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powerful operations on them. An early step in this direction was the development of APl, and more recent examples have been SETl which enables a user to code in terms of mathematical enti ties such as sets and BDl which allows a user, presumably a businessman, to specify a computation in terms of a series of tabular forms and a series of processing paths through which data flows. The design and implementation of such languages are examined in chapters by P. GOLDBERG. Another extension to traditional methods is made possible by systems designed to automatically handle low level flow-of control decisions. All the above higher level languages do this implicitly with their built in operators. PROLOG is a language which does this with a theorem proving mechanism employing primarily unification and backtracking. The programmer specifies the problem to be solved with a set of formal logic statements including a theorem to be proved. The theorem proving system finds a way to combine the axioms to prove the theorem, and in the process, it completes the desired calculation. H. GAllAIRE has contributed a chapter describing PROLOG giving many examples of its usage.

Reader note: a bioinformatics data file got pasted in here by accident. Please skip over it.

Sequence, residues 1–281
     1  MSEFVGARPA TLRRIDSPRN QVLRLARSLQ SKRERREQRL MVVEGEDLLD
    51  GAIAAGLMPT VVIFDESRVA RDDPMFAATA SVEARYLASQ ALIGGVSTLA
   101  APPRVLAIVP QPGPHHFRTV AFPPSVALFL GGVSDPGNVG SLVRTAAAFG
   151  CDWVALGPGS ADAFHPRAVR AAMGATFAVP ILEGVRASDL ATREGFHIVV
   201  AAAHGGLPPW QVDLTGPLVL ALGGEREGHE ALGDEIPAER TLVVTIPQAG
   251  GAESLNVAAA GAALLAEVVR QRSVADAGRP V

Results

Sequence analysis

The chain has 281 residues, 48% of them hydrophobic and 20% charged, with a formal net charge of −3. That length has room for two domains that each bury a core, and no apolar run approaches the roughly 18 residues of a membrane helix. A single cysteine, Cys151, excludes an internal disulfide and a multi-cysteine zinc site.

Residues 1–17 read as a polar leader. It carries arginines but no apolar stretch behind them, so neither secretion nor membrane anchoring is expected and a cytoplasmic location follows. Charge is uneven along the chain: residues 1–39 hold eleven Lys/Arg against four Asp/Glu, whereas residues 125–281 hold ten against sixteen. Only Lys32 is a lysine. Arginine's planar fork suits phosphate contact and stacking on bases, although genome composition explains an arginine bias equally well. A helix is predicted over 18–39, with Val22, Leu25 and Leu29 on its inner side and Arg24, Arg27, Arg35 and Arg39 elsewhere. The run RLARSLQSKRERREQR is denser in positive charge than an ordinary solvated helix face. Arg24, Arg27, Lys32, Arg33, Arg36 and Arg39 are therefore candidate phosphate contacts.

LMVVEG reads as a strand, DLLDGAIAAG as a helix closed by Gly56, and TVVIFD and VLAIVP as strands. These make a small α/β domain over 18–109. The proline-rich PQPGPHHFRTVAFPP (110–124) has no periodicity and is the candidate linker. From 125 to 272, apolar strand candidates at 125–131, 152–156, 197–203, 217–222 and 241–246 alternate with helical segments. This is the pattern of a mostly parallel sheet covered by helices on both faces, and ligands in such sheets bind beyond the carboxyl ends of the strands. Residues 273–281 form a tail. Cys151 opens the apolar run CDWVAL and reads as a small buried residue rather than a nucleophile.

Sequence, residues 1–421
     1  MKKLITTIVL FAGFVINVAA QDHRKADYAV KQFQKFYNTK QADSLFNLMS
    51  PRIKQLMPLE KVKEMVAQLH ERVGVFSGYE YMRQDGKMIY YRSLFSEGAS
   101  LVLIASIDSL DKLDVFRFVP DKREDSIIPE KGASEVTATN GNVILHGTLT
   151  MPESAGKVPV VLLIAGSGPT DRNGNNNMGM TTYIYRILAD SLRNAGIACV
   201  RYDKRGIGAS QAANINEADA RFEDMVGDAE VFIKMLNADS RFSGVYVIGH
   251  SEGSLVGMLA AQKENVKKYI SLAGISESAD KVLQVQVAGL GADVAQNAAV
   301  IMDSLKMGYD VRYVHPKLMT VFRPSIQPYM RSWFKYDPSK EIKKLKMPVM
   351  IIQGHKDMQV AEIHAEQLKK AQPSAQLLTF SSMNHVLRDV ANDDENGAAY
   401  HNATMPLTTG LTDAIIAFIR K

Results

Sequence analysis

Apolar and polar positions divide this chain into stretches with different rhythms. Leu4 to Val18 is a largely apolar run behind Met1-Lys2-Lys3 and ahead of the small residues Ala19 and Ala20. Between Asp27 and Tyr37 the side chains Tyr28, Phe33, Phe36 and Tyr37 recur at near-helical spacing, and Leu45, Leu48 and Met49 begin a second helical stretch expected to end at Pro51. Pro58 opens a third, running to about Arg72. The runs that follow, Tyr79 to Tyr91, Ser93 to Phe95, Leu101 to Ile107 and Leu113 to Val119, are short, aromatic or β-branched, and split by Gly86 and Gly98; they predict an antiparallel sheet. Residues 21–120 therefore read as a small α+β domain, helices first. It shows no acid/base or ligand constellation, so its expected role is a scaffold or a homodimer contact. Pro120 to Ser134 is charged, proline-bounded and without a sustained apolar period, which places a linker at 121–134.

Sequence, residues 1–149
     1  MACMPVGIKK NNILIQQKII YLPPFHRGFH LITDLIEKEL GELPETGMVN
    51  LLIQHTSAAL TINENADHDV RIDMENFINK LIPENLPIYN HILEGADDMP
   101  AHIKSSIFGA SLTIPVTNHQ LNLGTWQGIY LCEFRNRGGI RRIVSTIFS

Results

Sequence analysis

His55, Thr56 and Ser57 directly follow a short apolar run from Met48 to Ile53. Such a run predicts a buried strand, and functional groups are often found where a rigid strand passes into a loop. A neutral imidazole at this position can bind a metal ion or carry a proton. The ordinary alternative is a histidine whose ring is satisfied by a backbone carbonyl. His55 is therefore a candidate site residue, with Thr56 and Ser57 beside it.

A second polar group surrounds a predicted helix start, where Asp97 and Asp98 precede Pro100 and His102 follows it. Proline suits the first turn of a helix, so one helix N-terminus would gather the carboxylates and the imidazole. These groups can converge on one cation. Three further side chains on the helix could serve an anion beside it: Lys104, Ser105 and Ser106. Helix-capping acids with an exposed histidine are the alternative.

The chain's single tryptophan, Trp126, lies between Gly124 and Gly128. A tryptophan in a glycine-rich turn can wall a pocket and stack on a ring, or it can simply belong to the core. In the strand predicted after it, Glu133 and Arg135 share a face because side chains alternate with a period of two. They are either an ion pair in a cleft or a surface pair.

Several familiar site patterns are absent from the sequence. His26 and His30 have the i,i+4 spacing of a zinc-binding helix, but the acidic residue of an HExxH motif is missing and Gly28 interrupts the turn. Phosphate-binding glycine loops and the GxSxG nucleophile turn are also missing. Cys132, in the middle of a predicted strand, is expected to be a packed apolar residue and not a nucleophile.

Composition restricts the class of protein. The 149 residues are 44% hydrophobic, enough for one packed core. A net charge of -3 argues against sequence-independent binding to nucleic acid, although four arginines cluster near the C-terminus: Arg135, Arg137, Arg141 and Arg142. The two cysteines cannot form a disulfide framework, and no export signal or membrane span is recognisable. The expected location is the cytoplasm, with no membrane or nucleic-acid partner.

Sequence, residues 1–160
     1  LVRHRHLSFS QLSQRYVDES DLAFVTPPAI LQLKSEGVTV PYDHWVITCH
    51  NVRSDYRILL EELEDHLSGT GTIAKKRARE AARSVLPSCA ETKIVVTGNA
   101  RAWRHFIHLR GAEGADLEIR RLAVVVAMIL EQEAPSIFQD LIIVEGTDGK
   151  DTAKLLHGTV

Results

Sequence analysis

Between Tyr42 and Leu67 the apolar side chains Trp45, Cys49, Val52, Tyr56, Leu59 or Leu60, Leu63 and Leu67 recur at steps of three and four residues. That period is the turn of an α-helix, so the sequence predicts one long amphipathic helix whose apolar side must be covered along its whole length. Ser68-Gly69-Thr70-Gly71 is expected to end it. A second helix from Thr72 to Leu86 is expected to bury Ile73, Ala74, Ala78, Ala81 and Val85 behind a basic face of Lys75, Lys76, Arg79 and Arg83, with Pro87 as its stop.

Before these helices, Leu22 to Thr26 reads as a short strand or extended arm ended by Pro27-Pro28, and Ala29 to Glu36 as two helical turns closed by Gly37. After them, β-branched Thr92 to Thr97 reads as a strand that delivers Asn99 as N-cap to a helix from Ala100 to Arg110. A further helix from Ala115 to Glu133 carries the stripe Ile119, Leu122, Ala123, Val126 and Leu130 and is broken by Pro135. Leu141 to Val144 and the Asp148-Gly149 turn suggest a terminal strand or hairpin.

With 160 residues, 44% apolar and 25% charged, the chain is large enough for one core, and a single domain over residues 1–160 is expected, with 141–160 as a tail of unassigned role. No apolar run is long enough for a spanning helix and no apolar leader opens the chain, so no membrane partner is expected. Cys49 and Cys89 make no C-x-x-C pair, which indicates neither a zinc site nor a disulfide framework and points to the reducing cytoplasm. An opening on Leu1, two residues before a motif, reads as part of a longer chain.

Calculation Mathematica Natural Prolog Rack algorithms calculus data types logic programming theorem
Springer Science+Business Media B.V. 1983
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